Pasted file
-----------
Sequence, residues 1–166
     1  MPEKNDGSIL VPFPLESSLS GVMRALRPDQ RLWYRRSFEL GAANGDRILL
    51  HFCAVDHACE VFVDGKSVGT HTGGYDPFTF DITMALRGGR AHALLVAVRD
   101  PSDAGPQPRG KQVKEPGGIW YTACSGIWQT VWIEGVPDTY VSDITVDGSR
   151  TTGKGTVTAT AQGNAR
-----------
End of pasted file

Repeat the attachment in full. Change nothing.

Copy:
Sequence, residues 1–166
     1  MPEKNDGSIL VPFPLESSLS GVMRALRPDQ RLWYRRSFEL GAANGDRILL
    51  HFCAVDHACE VFVDGKSVGT HTGGYDPFTF DITMALRGGR AHALLVAVRD
   101  PSDAGPQPRG KQVKEPGGIW YTACSGIWQT VWIEGVPDTY VSDITVDGSR
   151  TTGKGTVTAT AQGNAR